was not unacquainted with the use of coal, and it is
an accepted fact that coal was mined east of the Alle-
ghenies, in Virginia, as early as the year 1760. But
there was no mining of coal west of the mountains
until 1784, when the Penns, who had been permitted '
under the Divesting Act of 1779' to retain their pro-
prietary interest in certain large tracts of land in the
State, sold rights to mine coal in the vicinity of Pitts-
burgh. This was the first coal-mining done on the
waters of the Ohio. Since that time the business has

1 On the 27th of November, 1779, the Legislature of Pennsylvania '
passed "An Act for vesting the estates of the late pi-uprietaries in this
commonwealth." By the terms of tliis act the St:ttp i .u I tip r. 1,1;^
fUO.OOO in annual payments of flom £15,000 to £:i", '
est, heginning at the close of the Revolutionary \v;i , 1 ; :
proprietarie-i their private and manor property, win. h ^^:l- m ii - II ,1
princely fortune.

increased steadily and rapidly, and untold millions
of tons of coal, mined along the Monongahela and
Youghiogheny, have been boated down the great rivers
of the Southwest to supply the country from Ohio to
Louisiana ; but by far the greater part of this vast
amount has been mined at points north of the northern
limits of Fayette Countj-, operations being of course
commenced along the lower and more accessible por-
tions of the rivers, and working slowly up the streams
as the navigation is improved or the lower supplies
become exhausted, which latter condition is very far
from being brought about yet, and will remain so for
years to come.

The coal operations on the Blonongahela will be
found mentioned in the account of the slack-water
improvements on that river and elsewhere in this
work. On the Youghiogheny a vast amount of coal-
mining has been done, and Youghiogheny coal has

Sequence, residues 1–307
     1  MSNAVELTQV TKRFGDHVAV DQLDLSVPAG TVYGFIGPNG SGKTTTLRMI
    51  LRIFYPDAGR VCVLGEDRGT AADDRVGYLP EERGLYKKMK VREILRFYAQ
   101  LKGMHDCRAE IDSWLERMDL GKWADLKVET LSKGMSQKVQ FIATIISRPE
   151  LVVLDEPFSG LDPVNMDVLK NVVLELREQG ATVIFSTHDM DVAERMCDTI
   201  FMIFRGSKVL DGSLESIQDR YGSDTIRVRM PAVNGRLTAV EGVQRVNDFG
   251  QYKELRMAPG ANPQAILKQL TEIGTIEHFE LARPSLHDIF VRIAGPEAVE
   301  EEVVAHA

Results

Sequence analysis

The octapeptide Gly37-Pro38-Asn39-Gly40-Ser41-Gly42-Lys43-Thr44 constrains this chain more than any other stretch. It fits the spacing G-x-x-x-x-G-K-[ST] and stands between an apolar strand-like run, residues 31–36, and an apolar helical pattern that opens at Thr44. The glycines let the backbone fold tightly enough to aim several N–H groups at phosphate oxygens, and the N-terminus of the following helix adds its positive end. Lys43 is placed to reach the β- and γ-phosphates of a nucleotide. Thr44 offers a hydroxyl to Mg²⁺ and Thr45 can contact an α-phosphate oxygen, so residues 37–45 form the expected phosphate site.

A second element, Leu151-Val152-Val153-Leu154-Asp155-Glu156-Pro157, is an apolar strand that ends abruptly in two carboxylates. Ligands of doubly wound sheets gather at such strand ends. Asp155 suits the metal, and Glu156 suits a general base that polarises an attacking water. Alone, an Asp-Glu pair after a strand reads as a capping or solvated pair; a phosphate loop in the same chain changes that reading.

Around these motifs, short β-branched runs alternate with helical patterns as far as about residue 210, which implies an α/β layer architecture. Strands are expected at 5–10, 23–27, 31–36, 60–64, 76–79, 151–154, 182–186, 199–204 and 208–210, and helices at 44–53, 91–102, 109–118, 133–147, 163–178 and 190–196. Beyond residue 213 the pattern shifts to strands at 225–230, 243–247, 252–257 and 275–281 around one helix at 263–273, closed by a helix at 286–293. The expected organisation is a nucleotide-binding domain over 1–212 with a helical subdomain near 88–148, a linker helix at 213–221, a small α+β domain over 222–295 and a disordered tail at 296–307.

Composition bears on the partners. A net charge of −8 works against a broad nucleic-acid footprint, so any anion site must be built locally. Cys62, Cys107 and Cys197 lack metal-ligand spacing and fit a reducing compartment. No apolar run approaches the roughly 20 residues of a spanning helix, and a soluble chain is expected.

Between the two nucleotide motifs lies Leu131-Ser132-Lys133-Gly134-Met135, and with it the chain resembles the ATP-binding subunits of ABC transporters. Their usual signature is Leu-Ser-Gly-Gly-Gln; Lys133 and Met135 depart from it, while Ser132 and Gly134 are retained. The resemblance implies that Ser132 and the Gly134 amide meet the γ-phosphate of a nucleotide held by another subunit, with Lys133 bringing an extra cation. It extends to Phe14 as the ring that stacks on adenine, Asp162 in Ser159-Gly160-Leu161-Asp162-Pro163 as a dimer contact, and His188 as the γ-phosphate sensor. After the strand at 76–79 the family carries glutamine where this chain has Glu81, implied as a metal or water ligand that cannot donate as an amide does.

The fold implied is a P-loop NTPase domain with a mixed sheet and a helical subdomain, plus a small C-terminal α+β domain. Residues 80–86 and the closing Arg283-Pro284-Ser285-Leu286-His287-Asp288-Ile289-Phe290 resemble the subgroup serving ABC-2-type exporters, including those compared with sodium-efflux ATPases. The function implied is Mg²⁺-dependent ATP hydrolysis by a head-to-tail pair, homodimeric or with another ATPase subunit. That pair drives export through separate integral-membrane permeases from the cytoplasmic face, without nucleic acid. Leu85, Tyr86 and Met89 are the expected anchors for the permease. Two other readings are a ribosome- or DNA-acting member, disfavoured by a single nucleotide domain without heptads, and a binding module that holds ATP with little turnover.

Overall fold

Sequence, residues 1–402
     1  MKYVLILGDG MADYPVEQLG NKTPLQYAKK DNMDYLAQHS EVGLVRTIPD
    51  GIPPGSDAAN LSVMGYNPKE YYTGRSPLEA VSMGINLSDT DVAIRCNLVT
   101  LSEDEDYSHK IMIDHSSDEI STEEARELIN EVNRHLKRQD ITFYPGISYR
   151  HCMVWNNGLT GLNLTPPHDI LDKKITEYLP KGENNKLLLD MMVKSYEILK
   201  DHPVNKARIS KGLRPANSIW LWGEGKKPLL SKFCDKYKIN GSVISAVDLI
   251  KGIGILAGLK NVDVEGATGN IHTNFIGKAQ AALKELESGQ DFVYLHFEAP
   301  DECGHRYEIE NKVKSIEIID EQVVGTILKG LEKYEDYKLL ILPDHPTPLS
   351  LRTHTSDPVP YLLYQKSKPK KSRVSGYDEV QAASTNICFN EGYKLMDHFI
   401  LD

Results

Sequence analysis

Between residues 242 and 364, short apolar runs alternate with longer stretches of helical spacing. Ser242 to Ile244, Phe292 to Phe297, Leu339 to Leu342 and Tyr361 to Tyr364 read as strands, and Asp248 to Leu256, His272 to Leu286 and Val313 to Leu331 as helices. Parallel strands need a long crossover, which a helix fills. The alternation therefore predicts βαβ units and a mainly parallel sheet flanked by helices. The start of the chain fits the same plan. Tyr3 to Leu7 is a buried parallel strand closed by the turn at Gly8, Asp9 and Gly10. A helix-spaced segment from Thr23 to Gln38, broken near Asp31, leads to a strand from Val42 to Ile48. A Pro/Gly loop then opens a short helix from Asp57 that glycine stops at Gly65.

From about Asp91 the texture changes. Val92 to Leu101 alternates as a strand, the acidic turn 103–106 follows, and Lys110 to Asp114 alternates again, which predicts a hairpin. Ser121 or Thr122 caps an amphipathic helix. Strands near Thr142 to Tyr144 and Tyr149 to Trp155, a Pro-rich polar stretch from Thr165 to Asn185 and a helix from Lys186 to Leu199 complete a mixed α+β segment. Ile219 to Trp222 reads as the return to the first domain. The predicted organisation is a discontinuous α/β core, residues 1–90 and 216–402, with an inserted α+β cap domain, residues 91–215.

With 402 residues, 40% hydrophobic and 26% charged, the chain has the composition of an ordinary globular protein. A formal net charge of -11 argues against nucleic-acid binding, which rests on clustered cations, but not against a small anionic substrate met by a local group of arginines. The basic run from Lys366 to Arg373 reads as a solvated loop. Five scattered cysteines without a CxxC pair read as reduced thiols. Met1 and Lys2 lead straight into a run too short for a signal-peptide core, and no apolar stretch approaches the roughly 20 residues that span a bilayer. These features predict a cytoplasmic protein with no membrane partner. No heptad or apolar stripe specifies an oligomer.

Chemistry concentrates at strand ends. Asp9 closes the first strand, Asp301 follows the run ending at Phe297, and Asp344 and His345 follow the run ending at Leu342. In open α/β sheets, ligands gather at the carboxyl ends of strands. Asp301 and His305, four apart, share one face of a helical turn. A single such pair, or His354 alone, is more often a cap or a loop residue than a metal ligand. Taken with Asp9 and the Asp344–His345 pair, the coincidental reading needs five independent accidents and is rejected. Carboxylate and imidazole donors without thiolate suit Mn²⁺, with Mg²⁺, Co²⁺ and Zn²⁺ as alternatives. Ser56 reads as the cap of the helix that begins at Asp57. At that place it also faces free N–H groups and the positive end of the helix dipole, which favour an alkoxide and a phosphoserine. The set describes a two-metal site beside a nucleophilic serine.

been well known and highly prized in the towns and
cities on the Ohio and Mississippi Rivers for many
years ; but an exceedingly small proportion of the
coal sent from this river to the Southern and Western
markets has been mined in Fayette County. The
Youghiogheny Valley is barren of coal from a point
in Rostraver township, in Westmoreland County, up
the river to about the mouth of Hickman Run, in
Fayette, where commences the "Connellsville basin,"
one of the richest coal-fields in the world. But there
has never been much inducement to mine coal here
for shipment down the river, because, in the first
place, the Youghiogheny in all that part which passes
through Fayette County, and in the greater portion
of its course through Westmoreland, is not and never
has been a navigable or beatable stream, except for a
very small portion of the year, the season of freshets
and high water, and even then its navigation is diffi-
cult, not to say dangerous, for the passage of coal-
boats. This fact alone gives to the coal operators on
the lower Youghiogheny, advantages for shipment
which cannot be had in the Connellsville region, and
the absence of which has caused the mining of coal
for that purpose to be neglected here. Another cause
which has helped to produce the same result is that
the Connellsville coal is too soft for advantageous
transpcirtatif.n. while that of the lower river is harder,
and in that rusiurt better adapted for shipment.

But all the disadvantages of the Connellsville re-
gion, as above enumerated, are counterbalanced ten-
fold in another direction ; for the coal which cannot
be profitably shipped to the lower river markets is
found to be greatly superior to any other which has
yet been discovered in its adaptability to the manu-
facture of coke, and to this manufacture it has been
and is now being devoted on a scale and to an extent
that is amazing to the uninitiated, and with pecuniary
results that are surprising. It was said by Judge
Veech that " Coal, if not king, was becoming one of
the princes of the land, and its seat of empire was
the Monongahela Valley." But if coal is mighty



like Philip of Macedon, its offspring, coke, is like the
mightier Alexander, and the seat of its empire is the
Connellsville eoal basin.

In all the numerous accounts that have been written
and published in recent years having general refer-
ence to the manufacture of coke in Western Pennsyl-
vania, very little notice has been taken of its origin
and early history. What little has been said concern-
ing these particulars, though to a great extent un-
authentic and inaccurate, is generally received as
correct, and little ur no effort is made to investigate
and search out the facts. It is but natural that a
business so exceedingly remunerative as is the manu-
facture of coke at the present time should engross all
the thoughts and energies of those who are engaged
in it; that their chief attention should be given to
secure the largest possible yield of coke, making and